When we think about being grateful, we often think about saying thank you to someone. However gratitude is more than that. In fact, it's something you can practice daily.
Whether it is journaling for five minutes each morning or evening, taking a moment of gratitude before a meal, or writing a thank you note to someone who has been kind or helpful, each and every thought and act of gratitude shapes the brain and tones the heart. It’s easy to become accustomed to our blessings as human beings are naturally adaptable. For this reason, we can become immune to experiencing our financial security or wealth, our health or our devoted relationships in a way that stimulates the continual feeling of gratitude similar to how we felt when we first actualized or came in touch with these gifts of our human experience. It requires intention, and the more we build a gratitude practice, the more it kicks in when we need it. Often times, gratitude is the body’s response to the need to ground or drop out of a worrisome or stressful place. It becomes low-hanging fruit for the moments we need to reframe things with a shift in perspective or consciousness and can literally pull us out of a dark hole. When gratitude becomes a habit, without even realizing it, we find ourselves thinking about what we're grateful for, because that is the pattern or groove we have created in our brain. I think of it as the gratitude imprint.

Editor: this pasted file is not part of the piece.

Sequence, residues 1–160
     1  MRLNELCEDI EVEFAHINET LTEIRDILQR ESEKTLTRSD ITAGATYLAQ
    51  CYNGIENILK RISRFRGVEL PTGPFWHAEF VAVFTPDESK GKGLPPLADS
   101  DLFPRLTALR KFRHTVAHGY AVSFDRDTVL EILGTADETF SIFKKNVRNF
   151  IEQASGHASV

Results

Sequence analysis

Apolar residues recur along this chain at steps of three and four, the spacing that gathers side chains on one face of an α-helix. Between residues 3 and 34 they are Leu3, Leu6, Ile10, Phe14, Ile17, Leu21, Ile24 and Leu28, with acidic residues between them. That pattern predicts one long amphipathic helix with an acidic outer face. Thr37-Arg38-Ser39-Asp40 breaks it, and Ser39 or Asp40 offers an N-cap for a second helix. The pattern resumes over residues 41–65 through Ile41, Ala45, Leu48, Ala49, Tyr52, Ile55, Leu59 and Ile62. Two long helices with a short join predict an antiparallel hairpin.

Through practice we are able to cultivate gratitude as an internalized coping mechanism, breeding an emotional and chemical climate of resiliency, greater peace, and equanimity. This brings us back to gratitude repeatedly as the feel-good experience in our bodies and minds is worthy of our craving.
[JW1]a1. Positive Psychology Progress (2005, Seligman, M. P., Steen, T. A., Park, N., & Peterson, C.)
a2. Counting Blessings Versus Burdens: An Experimental Investigation of Gratitude and Subjective Well-Being in Daily Life
a3. Gratitude Uniquely Predicts Satisfaction with Life: Incremental Validity Above the Domains and Facets of the Five Factor Model